One of the great innovations of David Allen’s Getting Things Done productivity system is the idea and value of ‘capture’.
He argues that trying to keep ideas in our mind rather than writing them down is one of the main sources of everyday stress. By trying to remember, say, a task we need to complete or an idea that we’ve had we create what Allen calls ‘open loops’. These open loops continue to reverberate in our mind, causing a general sense of being unsettled.
As such, we should aim to close these open loops by recording whatever task or idea in a system we trust and know to be reliable. Recording should be effortless and quick and we should have some kind of system to then empty these quick capture notes into a more long term storage system.
There are many, many ways to achieve this, but I wanted to share the one I have opted for.
Everywhere I go I carry around a pocket Moleskin Cahier notebook.
This is my quick capture notebook. Everything goes in here. It might be an idea, something I want to try with a class, a task I need to complete, something to buy from the shop, an initiative to try at work. The benefit to this, which Allen identifies, is that you don’t need to think where to jot down the idea when you have it, often a cause of friction, but rather you can simply and instantaneously get the idea out of your head and onto paper. You can close the loop.
However, this notebook isn’t where I want this information to stay. Having everything in one place but become chaotic and it would quickly lose its reliability, which defeats the whole point of the system. So, I regularly check this notebook and transfer whatever I have written to the relevant location. This might be, for example:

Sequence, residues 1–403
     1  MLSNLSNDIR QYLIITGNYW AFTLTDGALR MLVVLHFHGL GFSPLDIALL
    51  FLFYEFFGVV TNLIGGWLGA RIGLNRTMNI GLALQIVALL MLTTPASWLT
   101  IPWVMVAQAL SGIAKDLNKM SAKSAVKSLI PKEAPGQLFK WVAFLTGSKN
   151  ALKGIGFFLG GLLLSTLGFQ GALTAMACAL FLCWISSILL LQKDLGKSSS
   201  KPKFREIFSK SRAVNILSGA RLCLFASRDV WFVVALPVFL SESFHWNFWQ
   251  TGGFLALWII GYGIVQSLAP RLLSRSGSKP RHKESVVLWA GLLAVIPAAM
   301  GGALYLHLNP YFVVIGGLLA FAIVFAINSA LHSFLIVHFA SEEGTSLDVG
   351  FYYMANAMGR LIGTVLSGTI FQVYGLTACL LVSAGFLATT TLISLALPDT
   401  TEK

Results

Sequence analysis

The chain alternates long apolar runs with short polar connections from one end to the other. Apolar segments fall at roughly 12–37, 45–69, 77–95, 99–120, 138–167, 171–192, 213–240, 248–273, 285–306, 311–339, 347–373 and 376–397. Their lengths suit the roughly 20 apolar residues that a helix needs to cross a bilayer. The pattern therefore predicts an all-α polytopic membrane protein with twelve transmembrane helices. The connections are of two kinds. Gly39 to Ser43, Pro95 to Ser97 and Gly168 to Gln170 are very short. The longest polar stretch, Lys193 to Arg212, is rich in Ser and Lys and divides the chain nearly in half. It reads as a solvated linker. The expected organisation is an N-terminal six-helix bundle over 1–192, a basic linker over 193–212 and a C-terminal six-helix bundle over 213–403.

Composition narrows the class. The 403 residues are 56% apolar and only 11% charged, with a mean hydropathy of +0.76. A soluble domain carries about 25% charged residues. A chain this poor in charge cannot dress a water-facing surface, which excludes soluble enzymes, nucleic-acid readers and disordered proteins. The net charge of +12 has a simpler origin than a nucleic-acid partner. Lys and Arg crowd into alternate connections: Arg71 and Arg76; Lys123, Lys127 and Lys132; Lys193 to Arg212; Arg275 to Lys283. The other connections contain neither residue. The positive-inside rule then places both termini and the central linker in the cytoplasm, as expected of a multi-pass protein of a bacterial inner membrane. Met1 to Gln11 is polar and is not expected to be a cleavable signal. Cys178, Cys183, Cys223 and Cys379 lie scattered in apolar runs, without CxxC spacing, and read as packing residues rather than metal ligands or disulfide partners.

1. A notebook I have just for work related stuff
2. A notebook I have for writing
3. My task manager (I use Tick Tick)
4. A shopping list app on my phone
5. An index card, which I use as part of a system for storing research and book notes
This might seem like a duplication of effort, but the value of having a place to write down anything and everything without thinking where to put this information is invaluable. I can have an idea, quickly capture it, and know it will be sorted and addressed and placed in its proper place later. Any open loops are closed pretty much immediately.
There are many other ways to achieve the same thing, for instance you could just use the same notebook for everything and divide it by relevant sections. One section could be for quick capture. Or, if you use a bullet journal, you could achieve the same thing through the in-built routine of getting things down and processing later. A digital equivalent of this system for those who prefer not to use pen and paper would be the app Drafts.
Whatever the system the benefit of having a way to quickly get things down and then to assess and sort later is immense.
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